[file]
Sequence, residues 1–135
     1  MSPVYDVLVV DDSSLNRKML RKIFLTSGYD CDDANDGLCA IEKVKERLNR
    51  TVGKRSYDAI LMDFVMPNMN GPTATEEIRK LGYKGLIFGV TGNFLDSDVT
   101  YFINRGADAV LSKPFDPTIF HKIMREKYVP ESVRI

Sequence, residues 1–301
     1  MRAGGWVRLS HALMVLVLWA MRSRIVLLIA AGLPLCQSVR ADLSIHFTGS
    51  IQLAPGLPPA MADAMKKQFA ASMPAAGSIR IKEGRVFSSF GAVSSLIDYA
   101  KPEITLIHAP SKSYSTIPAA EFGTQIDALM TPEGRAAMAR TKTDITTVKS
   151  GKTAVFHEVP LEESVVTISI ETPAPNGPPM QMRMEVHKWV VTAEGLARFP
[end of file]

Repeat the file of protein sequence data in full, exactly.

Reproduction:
Sequence, residues 1–135
     1  MSPVYDVLVV DDSSLNRKML RKIFLTSGYD CDDANDGLCA IEKVKERLNR
    51  TVGKRSYDAI LMDFVMPNMN GPTATEEIRK LGYKGLIFGV TGNFLDSDVT
   101  YFINRGADAV LSKPFDPTIF HKIMREKYVP ESVRI

Sequence, residues 1–301
     1  MRAGGWVRLS HALMVLVLWA MRSRIVLLIA AGLPLCQSVR ADLSIHFTGS
    51  IQLAPGLPPA MADAMKKQFA ASMPAAGSIR IKEGRVFSSF GAVSSLIDYA
   101  KPEITLIHAP SKSYSTIPAA EFGTQIDALM TPEGRAAMAR TKTDITTVKS
   151  GKTAVFHEVP LEESVVTISI ETPAPNGPPM QMRMEVHKWV VTAEGLARFP